My father was a Lutheran pastor. He didn’t have career goals like the ones we commonly write about. But early on in his career, he decided that he would become a great preacher. That led to a regular Sunday ritual during the years I was growing up.
Every Sunday after the last service, we had a family dinner. At every family dinner, we chatted about all sorts of things, until my father said, “What did you think of today’s sermon?”
At that point, my mother said the same thing every week. “I think it was the finest sermon your father ever preached.” That fired the starting gun for a lively discussion. My father, my mother, my sister, and I debated what was good about Dad’s sermon and how it could be better.
He never achieved those decades of unbroken improvement my mother talked about. But he became a great preacher, and year by year, he got better. Here are five things he did to make himself better. You can do them, too.
Learn by Teaching
Dad thought the best way to learn something was to teach it. So, he started holding clinics early in his career. At first, only his friends came. Eventually, more experienced pastors came, too. Dad said preparing and presenting those clinics was a great learning experience. He also said he learned a lot from the participants.
He thought it was funny that only the best preachers came to the clinics. They wanted to improve. The worst preachers never came. They thought they were already good enough.
Learn from The Experts
Dad was constantly on the lookout for good things that other preachers did. When he visited another church, he took notes during the sermon. If he heard or heard about a great sermon, he wrote to the preacher and asked for a copy of the sermon or the sermon notes. He loved talking shop with other preachers.
He also read collections of great preachers’ sermons. He loved the Scottish theologian Peter Taylor Forsyth.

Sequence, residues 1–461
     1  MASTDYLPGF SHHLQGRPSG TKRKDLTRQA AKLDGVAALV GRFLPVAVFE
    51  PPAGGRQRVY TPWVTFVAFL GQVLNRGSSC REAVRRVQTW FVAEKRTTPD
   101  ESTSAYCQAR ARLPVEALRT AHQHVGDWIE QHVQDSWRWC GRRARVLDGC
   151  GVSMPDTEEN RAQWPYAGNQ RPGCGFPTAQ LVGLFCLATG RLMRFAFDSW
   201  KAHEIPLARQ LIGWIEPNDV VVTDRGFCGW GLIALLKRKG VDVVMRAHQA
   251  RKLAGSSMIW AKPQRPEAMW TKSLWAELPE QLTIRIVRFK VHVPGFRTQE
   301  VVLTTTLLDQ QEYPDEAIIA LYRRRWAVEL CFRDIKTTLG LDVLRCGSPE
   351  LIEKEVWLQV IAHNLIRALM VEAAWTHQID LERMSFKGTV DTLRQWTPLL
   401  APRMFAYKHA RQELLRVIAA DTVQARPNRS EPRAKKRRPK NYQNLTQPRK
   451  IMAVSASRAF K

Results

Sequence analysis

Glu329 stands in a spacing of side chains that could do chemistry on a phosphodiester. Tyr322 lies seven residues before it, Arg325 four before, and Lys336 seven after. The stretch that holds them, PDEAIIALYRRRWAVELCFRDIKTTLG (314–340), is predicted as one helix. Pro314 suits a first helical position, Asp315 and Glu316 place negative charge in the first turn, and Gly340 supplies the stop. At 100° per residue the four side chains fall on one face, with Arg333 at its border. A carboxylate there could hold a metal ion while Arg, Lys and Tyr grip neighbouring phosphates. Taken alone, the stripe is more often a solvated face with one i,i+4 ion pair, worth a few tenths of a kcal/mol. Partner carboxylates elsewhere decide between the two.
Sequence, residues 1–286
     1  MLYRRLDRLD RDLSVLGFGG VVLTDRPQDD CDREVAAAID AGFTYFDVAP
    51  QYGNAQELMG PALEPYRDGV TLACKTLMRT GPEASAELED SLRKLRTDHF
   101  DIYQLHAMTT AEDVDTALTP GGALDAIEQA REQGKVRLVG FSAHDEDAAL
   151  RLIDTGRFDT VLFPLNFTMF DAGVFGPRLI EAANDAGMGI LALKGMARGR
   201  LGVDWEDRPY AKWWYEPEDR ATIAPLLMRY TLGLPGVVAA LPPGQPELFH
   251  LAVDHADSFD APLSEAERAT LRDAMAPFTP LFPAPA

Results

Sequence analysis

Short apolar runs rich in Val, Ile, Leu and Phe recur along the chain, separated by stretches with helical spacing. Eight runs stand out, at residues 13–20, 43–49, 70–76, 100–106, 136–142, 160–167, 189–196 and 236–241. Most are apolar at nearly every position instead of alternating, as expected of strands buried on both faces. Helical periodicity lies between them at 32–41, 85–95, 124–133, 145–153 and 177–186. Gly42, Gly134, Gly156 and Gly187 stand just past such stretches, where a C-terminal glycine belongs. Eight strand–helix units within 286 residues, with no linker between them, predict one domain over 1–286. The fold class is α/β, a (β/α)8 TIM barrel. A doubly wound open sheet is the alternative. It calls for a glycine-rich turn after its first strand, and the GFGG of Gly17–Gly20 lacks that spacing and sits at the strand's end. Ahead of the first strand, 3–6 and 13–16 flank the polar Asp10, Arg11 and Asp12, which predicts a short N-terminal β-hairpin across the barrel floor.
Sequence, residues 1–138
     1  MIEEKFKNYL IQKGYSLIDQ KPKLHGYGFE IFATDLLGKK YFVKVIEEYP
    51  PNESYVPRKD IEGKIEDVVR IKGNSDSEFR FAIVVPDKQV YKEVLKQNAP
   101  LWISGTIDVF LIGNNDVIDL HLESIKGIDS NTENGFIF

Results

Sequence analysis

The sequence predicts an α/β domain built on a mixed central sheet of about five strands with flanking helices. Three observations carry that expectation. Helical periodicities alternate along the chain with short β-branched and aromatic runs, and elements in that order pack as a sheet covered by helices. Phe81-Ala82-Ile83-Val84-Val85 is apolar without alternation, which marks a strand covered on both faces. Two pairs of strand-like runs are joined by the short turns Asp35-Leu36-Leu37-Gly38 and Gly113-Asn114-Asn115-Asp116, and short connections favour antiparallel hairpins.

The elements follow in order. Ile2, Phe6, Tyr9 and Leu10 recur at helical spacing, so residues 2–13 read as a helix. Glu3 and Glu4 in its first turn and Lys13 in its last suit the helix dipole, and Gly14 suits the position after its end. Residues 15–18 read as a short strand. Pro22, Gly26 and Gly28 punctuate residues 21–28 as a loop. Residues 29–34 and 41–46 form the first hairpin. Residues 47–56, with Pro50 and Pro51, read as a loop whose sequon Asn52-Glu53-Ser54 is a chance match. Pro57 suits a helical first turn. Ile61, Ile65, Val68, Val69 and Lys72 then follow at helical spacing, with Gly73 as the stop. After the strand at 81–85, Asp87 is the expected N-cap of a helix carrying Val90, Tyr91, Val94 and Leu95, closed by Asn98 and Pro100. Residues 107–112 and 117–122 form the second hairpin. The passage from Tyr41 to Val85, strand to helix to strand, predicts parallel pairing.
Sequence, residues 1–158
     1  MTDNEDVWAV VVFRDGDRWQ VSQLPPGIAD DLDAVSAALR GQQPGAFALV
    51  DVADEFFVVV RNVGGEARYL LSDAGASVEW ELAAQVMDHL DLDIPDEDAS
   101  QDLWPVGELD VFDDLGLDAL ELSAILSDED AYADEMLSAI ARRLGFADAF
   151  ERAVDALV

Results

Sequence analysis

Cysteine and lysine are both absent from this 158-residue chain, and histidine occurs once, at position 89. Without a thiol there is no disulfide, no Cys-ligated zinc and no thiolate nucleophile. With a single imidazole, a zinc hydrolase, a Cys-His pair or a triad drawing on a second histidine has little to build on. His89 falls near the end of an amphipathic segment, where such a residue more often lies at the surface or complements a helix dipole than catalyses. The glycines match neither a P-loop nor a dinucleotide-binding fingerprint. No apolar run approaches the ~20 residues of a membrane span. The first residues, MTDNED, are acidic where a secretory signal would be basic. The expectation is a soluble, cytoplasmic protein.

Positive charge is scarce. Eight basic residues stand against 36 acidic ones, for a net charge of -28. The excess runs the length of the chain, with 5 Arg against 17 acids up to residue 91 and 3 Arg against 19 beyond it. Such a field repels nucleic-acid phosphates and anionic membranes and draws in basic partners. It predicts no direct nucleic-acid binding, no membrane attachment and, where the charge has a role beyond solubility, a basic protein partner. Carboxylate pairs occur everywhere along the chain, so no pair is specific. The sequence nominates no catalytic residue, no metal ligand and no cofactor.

Go Outside Your Field for Ideas
Dad didn’t only look to other preachers for ideas. He went to hear motivational speakers. He listened to political speeches and radio addresses. When he listened, he always took notes.
Go to The Gemba
Dad gave interns and preaching students the following advice. “You won’t find important things to preach about sitting in your study. But, if you call on your parishioners during the week, you’ll know what to preach about on Sunday.”
The Japanese call that “going to the gemba.” It means going to the source, going where the problem is. It’s why management by walking around works. One of my early bosses had a sign on his wall that said, “Nothing important happens here.”
How Do You Measure Success?
Later in his life, Dad and I had a several-beer discussion about becoming great at anything. At one point, I phrased his goal as, “He wanted to be known as a great preacher.” Dad immediately corrected me. “I didn’t want to be known as a great preacher,” he said. “I wanted to be a great preacher.”
He wanted to be a great preacher by his own standards. He knew whether he did what he wanted to on any given Sunday. He sought feedback from others on the content. If he did a fine job and knew it, that was enough.
He didn’t want to be “the greatest preacher” either. Dad’s idea was that you couldn’t know enough and hear enough preachers enough times to even get a clue about who the best preacher was. He wasn’t even sure there was such a thing.
But he said you can always learn from other preachers. There are other people who do things better than you and you can watch them, talk to them, and learn.
His friend Ross Hidy was always on his list of preachers he learned from. Dad said there were many great preachers like Ross to learn from. But there was no “greatest” preacher.
Sometime in the late 90s, we had a discussion of what I thought was one of his best sermons ever. He reflected on what I said for a minute. Then, he said this, “You know, I couldn’t have preached that sermon 10 years ago.”
Perhaps it wasn’t 50+ years of unbroken improvement, but it was always improvement. I think my father achieved his goal. I think he became a great preacher.
He would probably amend that. He would agree that he was better than he was. But he was constantly searching for how to become even better.
If you want to get good at anything, make it a lifetime quest. Learn by teaching. Learn from the experts. Go outside your field for ideas and go to the source. Don’t measure your success by accolades or lack of them. Don’t measure success by comparison with others. Get a little better every time.
Thanks to my friend Laurie Anderson. Her line, “Just getting better is the new goal post” sparked the trail of thought that ended at this post.